Beliefnet News

By Roy Hoffman
Religion News Service

MOBILE, Ala. — Solemn and intent, Irene Raymond stands in the vestibule of All Saints Episcopal Church and clutches the rope that leads through a hole in the ceiling to a 1,500-pound bell.
Slowly, methodically, she puts the whole weight of her body into the first pull — gong — then, as the bell swings the other way high above, she pulls down again, harder. Gong!
For more than 35 years, at ceremonies joyful or sad, it has been the task of Raymond, a Baptist, to send the clang of this giant bell through the sanctuary of this nearly century-old Episcopal church.
“It’s a great honor,” says Raymond, 68, the church sexton, “to ring the bell.”
On Sundays, an All Saints usher rings the bell. But for weddings and funerals, Raymond, a great-grandmother, repeats her decades-long ritual of tugging the rope until the 40-inch-diameter bell resounds through the neighborhood.
“You can ring it real light, or you can ring it real hard,” she explains.
“At a wedding, I’m clanging, and they’re coming out joyful. They’re waving at me, and the lady’s in her wedding gown. I pull it a little harder. People tell me, `Irene, ring it good!”‘
Raymond was taught to ring her bell, she says, by a master. In 1966, in her 20s, she found custodial work at All Saints, and was under the guidance of the sexton of that time, Carter Smith. “I’d see him ring the bell,” she says. “I’d see him put on his white jacket.”
Eventually Raymond would succeed Smith as sexton, a position that entails opening and closing the church, keeping it clean, readying it for events and helping organize receptions.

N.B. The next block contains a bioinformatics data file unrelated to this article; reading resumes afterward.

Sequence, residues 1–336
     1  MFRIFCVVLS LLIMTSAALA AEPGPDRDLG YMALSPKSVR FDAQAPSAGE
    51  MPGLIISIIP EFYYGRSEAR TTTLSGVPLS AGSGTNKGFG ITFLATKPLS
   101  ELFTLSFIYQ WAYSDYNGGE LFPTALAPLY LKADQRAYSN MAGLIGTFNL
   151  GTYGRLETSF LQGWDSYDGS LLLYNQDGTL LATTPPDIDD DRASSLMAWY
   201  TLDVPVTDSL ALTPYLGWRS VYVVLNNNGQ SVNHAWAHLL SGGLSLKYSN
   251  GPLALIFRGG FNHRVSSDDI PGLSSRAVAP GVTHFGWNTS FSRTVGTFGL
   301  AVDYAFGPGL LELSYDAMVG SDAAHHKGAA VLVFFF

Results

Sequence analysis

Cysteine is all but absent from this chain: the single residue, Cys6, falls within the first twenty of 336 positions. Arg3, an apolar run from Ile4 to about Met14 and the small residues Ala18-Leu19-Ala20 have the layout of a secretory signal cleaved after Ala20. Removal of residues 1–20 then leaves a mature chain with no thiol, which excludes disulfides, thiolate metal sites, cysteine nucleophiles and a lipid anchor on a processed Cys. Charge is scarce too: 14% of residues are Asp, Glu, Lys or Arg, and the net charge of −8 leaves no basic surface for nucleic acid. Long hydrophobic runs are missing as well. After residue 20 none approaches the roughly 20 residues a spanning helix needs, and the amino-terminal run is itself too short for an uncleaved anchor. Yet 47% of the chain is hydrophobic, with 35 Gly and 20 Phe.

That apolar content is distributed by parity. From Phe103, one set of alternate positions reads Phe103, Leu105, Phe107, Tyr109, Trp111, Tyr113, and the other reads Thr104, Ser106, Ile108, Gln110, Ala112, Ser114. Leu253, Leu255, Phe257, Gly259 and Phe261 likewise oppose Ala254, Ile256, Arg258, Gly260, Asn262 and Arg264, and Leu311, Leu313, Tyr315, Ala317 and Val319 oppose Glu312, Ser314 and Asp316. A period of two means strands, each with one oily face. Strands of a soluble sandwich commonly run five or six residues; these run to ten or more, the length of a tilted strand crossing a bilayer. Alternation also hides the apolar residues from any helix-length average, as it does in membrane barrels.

On one occasion while Smith was still sexton, a church member died when Smith was scheduled to go out of town. She asked who would ring the bell.
“You,” Smith told her.
“I was very nervous about it,” she says.
When she saw the casket appear on that first occasion, she felt deeply stirred at taking part in her small way in the ceremony. She still feels that way, she says, when a funeral procession begins.
“When they bring it in,” she says of the casket, “I ring it two or three times to let them know their loved one is coming up through the church.”
She rings slowly — clong-clong-clong — counting five beats between each ring to keep it reverent. At the end of the funeral, as the family walks behind the casket, and outside to the hearse, “I start ringing the bell again. It’s the last time they’ll be coming out of the church.”
She rings it at least once for every year of the departed’s life, but will keep ringing, she says, no matter how long the life span, until the mourners have driven away.
The Rev. Mary Robert, assistant rector at All Saints, says Raymond brings her own sense of spirituality to the ritual. “Irene’s got everything to do with making it solemn for funerals,” says Robert.
For funerals, Raymond pulls on one rope, for weddings, another. Both coil up through the ceiling to the tower, one rope moving the bell’s clapper, the other rocking the entire bell. Moving only the clapper allows for a somber, shadowed tone that sets the mood for funerals.
Moving the whole bell until it is swinging enables the clapper to bang against both sides, making for a brighter, faster peel that’s good for weddings.
For all the gravity of the funeral bell — “It’s a sad thing, a moaning sound,” Raymond says — the wedding bell, by contrast, is so joyous.
“I ring the bell when the bride is getting ready to come down the aisle. I ring clanga-clanga-clanga for the wedding.”
Raymond, who plays no other musical instrument, rings the bell from the heart. “I have rung for people’s weddings, and then their children’s weddings,” she said.
It will sound, she knows, for many more generations to come. “Somebody,” she says philosophically, “is going to ring it after me.”
Roy Hoffman writes for The Press-Register in Mobile, Ala.
Copyright 2007 Religion News Service. All rights reserved. No part of this transmission may be distributed or reproduced without written permission.

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